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Bombus terrestris (buff-tailed bumblebee) and lucorum (white-tailed bumblebee)

6 common species
Bombus terrestris/lucorum
Bombus lapidarius
Bombus pratorum
Bombus pascuorum
Bombus hortorum
Less common species
Quick ID guide
Cuckoo bumblebees
North American species
Bombus impatiens
N. American cuckoos
Is it a bumblebee?
Other bees1, 2
Looks like a bumblebee
Free e-book on how to recognise the 6 common bumblebees available now from the downloads page.

Differences between queens of Bombus terrestris and B. lucorum - Workers and males - Nests - Caste determination in Bombus terrestris - Pollen basket - Nectar robbing - Males patrol mating circuits

Bombus terrestris overview

This is our largest bumblebee, and usually the first to emerge. The thing to note on the queen is the dirty orange colour of the hairs at the end of the abdomen. Also when Bombus terrestris and B. lucorum can be seen together the yellow hairs of B. terrestris appear more orangey while those of B. lucorum are more lemon yellow. Workers have a white tail, and are almost indistinguishable from Bombus lucorum workers. Lengths, queen 20-22, worker 11-17, male 14-16. Bombus terrestris is one of the main species used in greenhouse pollination, and consequently can be found in many countries and areas where it is not native; Tasmania for example.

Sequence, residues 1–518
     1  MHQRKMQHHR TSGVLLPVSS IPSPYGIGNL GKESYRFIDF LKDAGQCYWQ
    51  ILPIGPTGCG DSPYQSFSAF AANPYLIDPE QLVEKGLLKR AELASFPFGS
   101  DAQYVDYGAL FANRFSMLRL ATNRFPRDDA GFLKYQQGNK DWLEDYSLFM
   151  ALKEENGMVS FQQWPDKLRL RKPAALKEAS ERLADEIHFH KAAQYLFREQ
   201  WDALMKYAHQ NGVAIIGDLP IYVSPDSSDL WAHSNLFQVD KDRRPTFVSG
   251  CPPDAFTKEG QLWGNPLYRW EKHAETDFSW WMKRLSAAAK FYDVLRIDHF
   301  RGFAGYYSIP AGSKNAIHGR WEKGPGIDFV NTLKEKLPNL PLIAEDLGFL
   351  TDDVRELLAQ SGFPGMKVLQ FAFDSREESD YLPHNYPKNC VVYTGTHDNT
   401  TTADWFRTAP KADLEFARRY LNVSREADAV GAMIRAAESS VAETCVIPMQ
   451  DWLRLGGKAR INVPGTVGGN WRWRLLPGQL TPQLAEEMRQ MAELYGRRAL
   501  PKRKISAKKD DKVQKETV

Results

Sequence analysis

Queen Worker
Male
{Bombus terrestris}
Same as worker

Bombus lucorum overview

Slightly smaller than Bombus terrestris, and with a white tip to her abdomen. Lengths, queen 19-20, worker 11-17, male 14-16. Populations are believed to be declining.

Queen Worker Male
{Bombus lucorum}
Bombus lucorum male
Bombus terrestris/lucorum worker foraging